The Von Neumann Architecture (VNA) is a computer reference model in which a shared memory contains program instructions and data. Unlike parallel processing, Von Neumann systems belong to the class of SISD (Single Instruction, Single Data) architectures.
Pioneer computers were monstrous devices. The Electronic Digital Integrator and Computer (ENIAC) of 1942 was the first complete electronic universal computer of Turing. It consisted of about 18,000 vacuum tubes and 1,500 relays, consuming 30 tons on the scale and about 140 kilowatts of electricity.
The revolutionary concept
Two years later, former ENIAC project employee John von Neumann presented an architectural concept for a universal computer with programmed memory. He noticed that programming computers with this large number of switches and cables was far too slow and inflexible.
Von Neumann discovered that programs containing the respective data in computer memory in digital form can be better represented. He replaced the heavy decimal arithmetic in series of ENIAC with parallel binary arithmetic. It was revolutionary at the time, because all previously developed computers were linked to a fixed program, wired in hardware or to be read via punch cards.
Based on this Von Neumann architecture, it was now possible to modify programs very easily, quickly and without changing hardware. That is, it was now possible to run various programs in quick succession.
However, some of these ideas were developed in 1936 by Konrad Zuse, documented in two patents in 1937 and mainly introduced in 1938 in the "Z1" machine used. In collaboration with Helmut, Schreyer Zuse built the Zuse "Z3", which went into history as the world's first digital computer. It is true that von Neumann did not know the work of Zuse when he presented his architectural concept to the experts in 1945.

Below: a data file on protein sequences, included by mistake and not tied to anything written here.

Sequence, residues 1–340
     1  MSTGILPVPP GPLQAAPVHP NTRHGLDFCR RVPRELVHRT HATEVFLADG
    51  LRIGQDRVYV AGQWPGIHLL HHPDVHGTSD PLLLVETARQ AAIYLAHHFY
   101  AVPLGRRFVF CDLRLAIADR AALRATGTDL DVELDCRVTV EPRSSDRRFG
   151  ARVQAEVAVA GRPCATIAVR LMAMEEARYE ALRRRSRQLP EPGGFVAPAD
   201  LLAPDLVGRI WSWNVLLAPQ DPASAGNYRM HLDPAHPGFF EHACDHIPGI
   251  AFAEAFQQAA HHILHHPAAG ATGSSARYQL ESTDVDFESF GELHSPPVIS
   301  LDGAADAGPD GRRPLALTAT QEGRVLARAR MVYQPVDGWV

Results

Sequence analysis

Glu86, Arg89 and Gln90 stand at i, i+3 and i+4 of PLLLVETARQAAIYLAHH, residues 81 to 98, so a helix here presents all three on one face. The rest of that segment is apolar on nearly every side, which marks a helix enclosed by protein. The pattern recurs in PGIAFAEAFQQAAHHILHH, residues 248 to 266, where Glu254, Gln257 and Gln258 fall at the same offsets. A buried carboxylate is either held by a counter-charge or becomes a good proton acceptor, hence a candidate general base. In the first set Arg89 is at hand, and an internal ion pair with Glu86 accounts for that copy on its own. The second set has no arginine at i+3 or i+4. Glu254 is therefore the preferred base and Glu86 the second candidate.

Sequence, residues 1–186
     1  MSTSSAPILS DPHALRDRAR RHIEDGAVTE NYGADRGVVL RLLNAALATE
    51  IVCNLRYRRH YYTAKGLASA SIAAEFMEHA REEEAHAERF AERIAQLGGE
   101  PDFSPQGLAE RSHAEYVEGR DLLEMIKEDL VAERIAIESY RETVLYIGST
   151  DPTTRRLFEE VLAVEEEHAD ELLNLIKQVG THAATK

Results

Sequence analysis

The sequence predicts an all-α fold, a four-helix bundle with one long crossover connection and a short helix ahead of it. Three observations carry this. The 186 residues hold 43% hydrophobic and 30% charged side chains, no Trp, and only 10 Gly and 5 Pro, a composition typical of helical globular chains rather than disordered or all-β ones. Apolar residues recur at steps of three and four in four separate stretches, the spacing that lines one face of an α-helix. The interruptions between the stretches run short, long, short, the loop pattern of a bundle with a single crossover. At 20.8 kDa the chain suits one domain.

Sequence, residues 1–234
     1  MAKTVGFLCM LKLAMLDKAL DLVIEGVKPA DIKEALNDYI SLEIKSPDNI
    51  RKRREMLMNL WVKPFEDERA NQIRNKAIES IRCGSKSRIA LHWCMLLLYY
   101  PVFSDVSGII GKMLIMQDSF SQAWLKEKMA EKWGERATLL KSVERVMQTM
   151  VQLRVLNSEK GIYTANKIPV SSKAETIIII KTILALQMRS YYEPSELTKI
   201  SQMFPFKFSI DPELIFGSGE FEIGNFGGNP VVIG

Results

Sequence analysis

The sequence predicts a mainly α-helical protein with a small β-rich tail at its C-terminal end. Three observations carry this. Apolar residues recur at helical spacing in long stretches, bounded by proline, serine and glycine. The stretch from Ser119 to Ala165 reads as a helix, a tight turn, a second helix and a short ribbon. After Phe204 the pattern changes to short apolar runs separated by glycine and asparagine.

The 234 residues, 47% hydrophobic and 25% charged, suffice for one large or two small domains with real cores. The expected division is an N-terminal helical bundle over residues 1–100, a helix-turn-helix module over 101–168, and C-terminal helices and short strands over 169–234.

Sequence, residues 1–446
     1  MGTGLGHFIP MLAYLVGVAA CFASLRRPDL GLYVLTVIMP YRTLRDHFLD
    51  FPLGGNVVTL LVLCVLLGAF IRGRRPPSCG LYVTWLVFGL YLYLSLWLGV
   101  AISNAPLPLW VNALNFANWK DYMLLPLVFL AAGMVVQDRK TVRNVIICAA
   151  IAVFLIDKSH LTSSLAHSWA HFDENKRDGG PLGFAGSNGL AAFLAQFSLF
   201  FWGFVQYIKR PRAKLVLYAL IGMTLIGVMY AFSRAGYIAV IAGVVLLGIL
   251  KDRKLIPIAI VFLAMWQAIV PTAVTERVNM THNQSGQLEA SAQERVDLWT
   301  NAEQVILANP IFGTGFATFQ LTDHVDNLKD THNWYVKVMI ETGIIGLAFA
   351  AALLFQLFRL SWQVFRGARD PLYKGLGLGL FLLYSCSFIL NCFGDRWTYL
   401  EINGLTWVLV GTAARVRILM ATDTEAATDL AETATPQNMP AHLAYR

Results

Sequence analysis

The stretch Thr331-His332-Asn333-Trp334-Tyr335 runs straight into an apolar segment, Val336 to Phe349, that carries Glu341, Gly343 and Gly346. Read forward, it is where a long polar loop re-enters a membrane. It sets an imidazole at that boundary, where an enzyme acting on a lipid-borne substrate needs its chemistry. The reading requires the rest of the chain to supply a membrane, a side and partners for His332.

Requirements for the concept of architecture
In a von Neumann architecture, the computer is clearly divided into different areas and spatially disassembled. It includes an arithmetic unit, a storage unit, a control or command unit and an input and output unit. Thus, such a computer does not consist of a single card.
The calculator performs arithmetic and logical operations, the memory works on the storage of programs and data, and the queue controls the programs. The unit of entry or exit is responsible for the input and output of the data.
However, a von Neumann architecture must also fulfill additional characteristics: in order for the computer to remain universal, its structure must not be modified. In addition, the data as well as the program code must be entered "externally" via peripherals (for example a mouse, a keyboard or networks such as the Internet).
All programs and data are stored in a memory. Thus, no spatial separation is provided for this purpose. This memory is in turn divided into different units with their own address. The cells in these addresses must always be reachable immediately.
Differentiation to Harvard Architecture
The so-called Harvard architecture is one of the most important architectures of the competition. It is characterized by a physical separation of the control and the data memory. Both are accessible via separate buses.
In other words, in the Harvard architecture, commands and data can be loaded or written simultaneously. Thus, Von Neumann's bottleneck can be avoided. In addition, the physical separation of data and programs also ensures a separation of access rights. The memory can be protected very easily.
If a read-only memory has been used for program code, its replacement is excluded by malicious code. On the other hand, the unused data memory can not be used as program memory – and vice versa. The result: increased fragmentation of memory.